In the structure of dog-walking companies, the walkers are tasked with doing the impossible: covering vast swaths of territory, handling the individual needs of multiple dogs concurrently — dealing with gaps in training and any individual traumas along the way — all while employers “track and trace every interaction,” as Einbinder described it, “reducing it to a monetary amount for labor.” Einbinder told me that they would often not eat between 9am and 4pm to keep up with the demands laid upon them, “destroying my body and my capacity to think.”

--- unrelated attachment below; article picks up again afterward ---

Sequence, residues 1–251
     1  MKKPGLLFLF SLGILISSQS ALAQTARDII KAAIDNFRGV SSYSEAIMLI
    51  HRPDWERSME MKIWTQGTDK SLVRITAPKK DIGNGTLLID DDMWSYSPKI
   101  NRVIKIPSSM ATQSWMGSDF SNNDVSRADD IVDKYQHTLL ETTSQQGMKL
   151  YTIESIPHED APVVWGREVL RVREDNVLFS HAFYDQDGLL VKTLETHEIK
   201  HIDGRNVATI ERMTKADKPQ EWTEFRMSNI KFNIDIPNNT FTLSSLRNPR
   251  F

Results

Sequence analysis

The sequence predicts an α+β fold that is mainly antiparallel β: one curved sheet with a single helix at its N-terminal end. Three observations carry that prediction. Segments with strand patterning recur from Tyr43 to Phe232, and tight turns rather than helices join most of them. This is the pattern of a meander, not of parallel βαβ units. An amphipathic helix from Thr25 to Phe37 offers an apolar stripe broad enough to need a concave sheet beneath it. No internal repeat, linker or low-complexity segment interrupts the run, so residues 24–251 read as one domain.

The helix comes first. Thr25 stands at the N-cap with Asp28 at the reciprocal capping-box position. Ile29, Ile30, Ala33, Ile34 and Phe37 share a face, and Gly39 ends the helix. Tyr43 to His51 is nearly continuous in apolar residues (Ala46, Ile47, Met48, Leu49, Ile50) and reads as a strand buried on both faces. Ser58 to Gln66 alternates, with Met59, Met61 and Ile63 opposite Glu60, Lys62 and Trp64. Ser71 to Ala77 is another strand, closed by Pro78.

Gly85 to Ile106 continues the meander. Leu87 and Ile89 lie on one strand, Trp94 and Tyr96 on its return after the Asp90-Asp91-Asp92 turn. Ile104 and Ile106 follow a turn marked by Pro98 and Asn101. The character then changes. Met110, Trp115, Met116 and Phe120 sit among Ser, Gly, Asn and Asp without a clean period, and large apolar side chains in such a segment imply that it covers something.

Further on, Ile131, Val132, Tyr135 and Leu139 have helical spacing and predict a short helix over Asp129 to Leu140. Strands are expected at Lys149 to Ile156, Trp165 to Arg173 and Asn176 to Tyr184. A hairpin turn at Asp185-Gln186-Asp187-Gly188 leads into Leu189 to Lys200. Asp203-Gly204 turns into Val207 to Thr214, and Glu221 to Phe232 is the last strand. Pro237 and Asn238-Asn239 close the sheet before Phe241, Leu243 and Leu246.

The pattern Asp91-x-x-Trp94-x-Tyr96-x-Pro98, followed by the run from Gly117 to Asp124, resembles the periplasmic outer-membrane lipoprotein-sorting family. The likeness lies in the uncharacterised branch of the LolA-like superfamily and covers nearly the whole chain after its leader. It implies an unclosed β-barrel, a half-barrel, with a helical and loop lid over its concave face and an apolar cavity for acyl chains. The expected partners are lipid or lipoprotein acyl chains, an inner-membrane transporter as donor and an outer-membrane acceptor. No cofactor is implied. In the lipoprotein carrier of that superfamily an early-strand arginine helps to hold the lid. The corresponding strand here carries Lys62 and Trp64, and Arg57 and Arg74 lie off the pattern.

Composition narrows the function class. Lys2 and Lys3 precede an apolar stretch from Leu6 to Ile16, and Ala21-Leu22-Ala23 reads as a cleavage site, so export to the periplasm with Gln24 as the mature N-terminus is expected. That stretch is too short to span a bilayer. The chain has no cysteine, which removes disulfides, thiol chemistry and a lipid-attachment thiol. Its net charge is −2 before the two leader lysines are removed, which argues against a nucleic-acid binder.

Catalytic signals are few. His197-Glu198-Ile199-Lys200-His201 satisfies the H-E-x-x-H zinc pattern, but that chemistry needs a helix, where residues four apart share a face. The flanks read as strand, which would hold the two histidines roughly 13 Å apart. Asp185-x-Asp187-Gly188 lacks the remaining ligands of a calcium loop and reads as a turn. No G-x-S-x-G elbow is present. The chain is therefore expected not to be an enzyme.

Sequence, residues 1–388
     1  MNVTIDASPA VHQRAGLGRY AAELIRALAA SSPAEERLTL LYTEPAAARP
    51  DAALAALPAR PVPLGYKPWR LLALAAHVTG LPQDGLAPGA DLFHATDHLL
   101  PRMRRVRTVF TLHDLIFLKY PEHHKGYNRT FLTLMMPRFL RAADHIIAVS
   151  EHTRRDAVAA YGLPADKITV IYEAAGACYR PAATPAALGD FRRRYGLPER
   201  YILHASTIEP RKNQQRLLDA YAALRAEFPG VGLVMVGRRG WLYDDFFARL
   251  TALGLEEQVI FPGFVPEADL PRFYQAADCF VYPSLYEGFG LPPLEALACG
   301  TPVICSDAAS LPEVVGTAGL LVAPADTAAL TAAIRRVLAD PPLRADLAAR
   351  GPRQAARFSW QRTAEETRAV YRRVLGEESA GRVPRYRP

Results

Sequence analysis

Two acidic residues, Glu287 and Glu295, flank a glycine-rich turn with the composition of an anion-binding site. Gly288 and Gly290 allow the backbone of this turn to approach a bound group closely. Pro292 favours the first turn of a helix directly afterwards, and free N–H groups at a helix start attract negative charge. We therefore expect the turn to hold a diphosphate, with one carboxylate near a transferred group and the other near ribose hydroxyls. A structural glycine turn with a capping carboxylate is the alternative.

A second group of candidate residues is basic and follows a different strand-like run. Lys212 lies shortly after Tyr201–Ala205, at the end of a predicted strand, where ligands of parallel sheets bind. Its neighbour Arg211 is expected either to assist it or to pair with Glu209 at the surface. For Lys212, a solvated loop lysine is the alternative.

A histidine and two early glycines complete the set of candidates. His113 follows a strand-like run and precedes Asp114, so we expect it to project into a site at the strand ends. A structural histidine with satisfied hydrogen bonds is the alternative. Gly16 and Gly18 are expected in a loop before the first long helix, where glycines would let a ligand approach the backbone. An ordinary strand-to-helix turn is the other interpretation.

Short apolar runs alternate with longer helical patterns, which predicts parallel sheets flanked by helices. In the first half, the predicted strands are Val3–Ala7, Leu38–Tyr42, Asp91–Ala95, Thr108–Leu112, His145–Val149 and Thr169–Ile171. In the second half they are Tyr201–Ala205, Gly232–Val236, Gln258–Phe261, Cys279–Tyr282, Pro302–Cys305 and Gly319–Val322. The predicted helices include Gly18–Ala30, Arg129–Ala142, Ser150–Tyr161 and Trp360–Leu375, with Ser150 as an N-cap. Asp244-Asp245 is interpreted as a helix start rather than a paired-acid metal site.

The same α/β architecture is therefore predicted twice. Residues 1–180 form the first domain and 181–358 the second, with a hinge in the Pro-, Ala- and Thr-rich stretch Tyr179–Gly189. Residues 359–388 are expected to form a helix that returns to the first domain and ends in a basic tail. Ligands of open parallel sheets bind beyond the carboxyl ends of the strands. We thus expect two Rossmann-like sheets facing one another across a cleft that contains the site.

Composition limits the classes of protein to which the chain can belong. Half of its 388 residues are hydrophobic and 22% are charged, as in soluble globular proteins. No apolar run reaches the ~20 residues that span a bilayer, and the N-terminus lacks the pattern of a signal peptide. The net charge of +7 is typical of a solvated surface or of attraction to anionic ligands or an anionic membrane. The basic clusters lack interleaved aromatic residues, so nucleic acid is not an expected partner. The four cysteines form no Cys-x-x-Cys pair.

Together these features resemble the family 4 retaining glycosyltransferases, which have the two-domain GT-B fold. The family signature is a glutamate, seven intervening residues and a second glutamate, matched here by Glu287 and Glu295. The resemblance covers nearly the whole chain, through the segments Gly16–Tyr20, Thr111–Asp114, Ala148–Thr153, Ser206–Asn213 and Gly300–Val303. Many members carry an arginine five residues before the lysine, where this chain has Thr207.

The Dog Walker Community
Over the pandemic shutdown in 2020, Einbinder spoke with their fellow employees about experiences of disenfranchisement. When their employer at the time ceased operations, Einbinder broke away to start Rainbow Pack: A socialist, queer collective in which individual walkers can support one another: cover walks, share clients, “get coverage for our outsider lives; we do things that a boss would do, but we do it for each other.” Einbinder understands that for independent dog walkers, who go it alone rather than submit to vampiric corporate monoliths, “the pitfall is not having any backup.” Rainbow Pack empowers individual walkers, restoring the focus of relationships back to the clients. “I just did coverage for a walker whom I met on the street,” Einbinder said. “I was like: ‘Hey, what’s up? You’re a dog walker too? We both have they/them pronouns and were abused by former bosses? Let’s exchange numbers!”